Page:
Places: The Absentee

  • Last updated on December 10, 2021

First published: 1812

Type of work: Novel

Type of plot: Social realism

Time of work: Early nineteenth century

Asterisk denotes entries on real places.

Places Discussed*London

*London. Absentee, TheCapital of Great Britain and leading city of the British Isles, in which the Anglo-Irish absentee landlord Lord Clonbrony and his ruthless, social-climbing wife maintain an extravagant lifestyle. The Absentee is set in a historical period when the Irish social order was split over the question of union with Britain. Although the class of people known as “Anglo-Irish”–wealthy Protestant landowners–had dominated Ireland for generations, many of them, like Edgeworth’s fictional Clonbronys, spend their lives in England and on the European continent, living in luxury, while reaping profits from their Irish agricultural properties. Many of them never even set foot in Ireland, leaving management of their lands in the hands of exploitative overseers.

Ireland’s absentee landlord system, coupled with the emerging greedy Irish middle-class, oppressed the disenfranchised, indigent Irish peasants. In London, the Clonbrony family, especially Lady Clonbrony, attempts to buy its way into high society. Going to great lengths to deny her Irish roots, Lady Clonbrony denigrates her former country and attempts to marry off her son, Lord Colambre, to a local heiress. London here represents decay, and because of the absentee landlord system, the Clonbrony family sinks into decline.


*Ireland. Roman Catholic country ruled by Britain. The hero of Edgeworth’s novel, Lord Colambre, finds hope and salvation for the Clonbrony family in Ireland. Young and intelligent, he travels incognito to Ireland to investigate his family’s Irish estates and learn whether his mother’s negative ideas about Ireland are justified. Traveling anonymously to each of his father’s estates, he comes to know the truth. Known as Evans, on the first of his father’s estates, he finds that his father has just fired the likable and honest estate agent Burke for not extorting sufficient income from the estate’s tenants. The Brothers Garraghty manage the second estate, which Lord Colambre finds in complete disorder: Its church is falling down, its roads are almost impassable, and its tenants are terribly abused. Although the brothers almost openly embezzle estate funds, Lord Clonbrony fails to take action against them because they still send him enough money to support his sumptuous lifestyle in London. Again, Edgeworth emphasizes the decay of the Anglo-Irish social order.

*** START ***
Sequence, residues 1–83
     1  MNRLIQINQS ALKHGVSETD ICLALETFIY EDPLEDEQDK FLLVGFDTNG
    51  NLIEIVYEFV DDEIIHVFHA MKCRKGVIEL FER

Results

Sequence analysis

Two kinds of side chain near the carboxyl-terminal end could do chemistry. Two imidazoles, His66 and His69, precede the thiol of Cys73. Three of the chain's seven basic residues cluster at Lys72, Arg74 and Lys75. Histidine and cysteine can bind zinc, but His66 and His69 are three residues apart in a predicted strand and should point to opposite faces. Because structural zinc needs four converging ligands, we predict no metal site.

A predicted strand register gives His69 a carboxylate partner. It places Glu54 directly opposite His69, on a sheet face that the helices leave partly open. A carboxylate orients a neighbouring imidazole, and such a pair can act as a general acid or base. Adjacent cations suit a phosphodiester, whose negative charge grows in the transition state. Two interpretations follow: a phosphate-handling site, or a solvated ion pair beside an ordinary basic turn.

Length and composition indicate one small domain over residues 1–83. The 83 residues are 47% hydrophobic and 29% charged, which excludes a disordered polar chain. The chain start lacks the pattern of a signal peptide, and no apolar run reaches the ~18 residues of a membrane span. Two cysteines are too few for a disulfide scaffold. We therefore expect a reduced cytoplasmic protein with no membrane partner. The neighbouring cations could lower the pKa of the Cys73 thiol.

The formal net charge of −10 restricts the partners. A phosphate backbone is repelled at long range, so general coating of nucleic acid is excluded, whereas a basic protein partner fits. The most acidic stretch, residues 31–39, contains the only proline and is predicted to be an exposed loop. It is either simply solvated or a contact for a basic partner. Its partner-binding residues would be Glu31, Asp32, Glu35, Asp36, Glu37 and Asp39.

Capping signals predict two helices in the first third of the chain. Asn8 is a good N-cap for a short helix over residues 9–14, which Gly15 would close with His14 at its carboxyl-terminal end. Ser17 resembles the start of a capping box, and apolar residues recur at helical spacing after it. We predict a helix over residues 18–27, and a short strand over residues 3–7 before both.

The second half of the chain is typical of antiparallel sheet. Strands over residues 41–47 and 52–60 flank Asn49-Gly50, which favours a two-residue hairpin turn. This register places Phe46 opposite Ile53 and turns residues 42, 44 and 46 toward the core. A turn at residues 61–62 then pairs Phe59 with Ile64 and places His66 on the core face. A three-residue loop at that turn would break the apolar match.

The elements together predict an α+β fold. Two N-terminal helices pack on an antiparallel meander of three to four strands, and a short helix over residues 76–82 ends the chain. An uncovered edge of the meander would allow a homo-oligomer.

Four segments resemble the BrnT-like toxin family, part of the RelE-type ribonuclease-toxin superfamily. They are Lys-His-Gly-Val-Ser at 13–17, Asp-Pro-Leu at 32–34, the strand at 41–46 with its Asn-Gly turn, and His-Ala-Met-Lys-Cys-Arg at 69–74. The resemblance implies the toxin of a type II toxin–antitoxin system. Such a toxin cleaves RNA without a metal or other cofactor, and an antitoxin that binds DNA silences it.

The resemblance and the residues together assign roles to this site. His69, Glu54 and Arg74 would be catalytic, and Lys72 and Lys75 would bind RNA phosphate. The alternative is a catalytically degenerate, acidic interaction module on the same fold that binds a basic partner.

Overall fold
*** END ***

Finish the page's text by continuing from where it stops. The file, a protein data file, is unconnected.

Lord Colambre also finds a more peaceful existence in Ireland, where he comes to realize the true quality of the people his mother so severely criticizes. Eventually, he begins to view Ireland as a haven. Upon his return to London, he promises to pay off the family debts himself on the conditions that the Garraghty brothers are let go and his family ceases being absentee landowners. They must, he declares, return to Ireland and take up their ancestral responsibility of caring for their estates. Eventually, his family finds salvation by returning to Ireland–precisely what Edgeworth urges as the political solution to the decaying Anglo-Irish social order.

BibliographyButler, Marilyn. Jane Austen and the War of Ideas. Oxford, England: Clarendon Press, 1975. Despite its title, this work contains an important chapter on Edgeworth. The overall context of the Napoleonic Era is taken into consideration. The obvious contrast between Edgeworth and Austen, and its consequences for the development of English fiction, results in a stimulating critique of Edgeworth’s oeuvre.Butler, Marilyn. Maria Edgeworth: A LiteraryBiography. Oxford, England: Clarendon Press, 1972. The standard biography, providing comprehensive information on all aspects of Maria Edgeworth’s life, work, and family. The sources, intentions, and reception of all of Edgeworth’s writings are discussed. Contains a thorough account of The Absentee’s social, artistic, and political contexts.Davie, Donald. The Heyday of Sir Walter Scott.London: Routledge, 1961. A pioneering study of Scott’s influence on English and European literature. The distinctive place of Edgeworth’s fiction in this overview is clearly established. The Absentee receives concise and pertinent treatment.Dunne, Tom. Maria Edgeworth and the ColonialMind. Dublin: National University of Ireland, 1985. An influential study of Edgeworth’s work, to which subsequent considerations of Edgeworth’s politics and culture colonialism are indebted. Dunne’s discussion is directly relevant to the concerns addressed in TheAbsentee.Edgeworth, Maria. The Absentee. Edited by W. J. McCormack and Kim Walker. Oxford, England: Oxford University Press, 1988. Contains a scholarly introduction, bibliography, and explanatory notes. Also reprints material on the connotations ofthe name Grace Nugent and Edgeworth’s notes for an essay on Edmund Burke.Harden, Elizabeth. Maria Edgeworth. Boston: Twayne, 1984. Harden chooses the theme of education around which to organize her survey of Edgeworth’s life and works. This approach reveals in broad outline the range of Edgeworth’s sympathies and activities. Contains a full bibliography.McCormack, W. J. Ascendancy and Tradition in Anglo-Irish Literary History from 1789 to 1939. Oxford, England: Clarendon Press, 1985. Contains a section on The Absentee, which is appraised in the light of Edgeworth’s reading of the writings of Edmund Burke. A path-breaking contribution to Irish cultural history.
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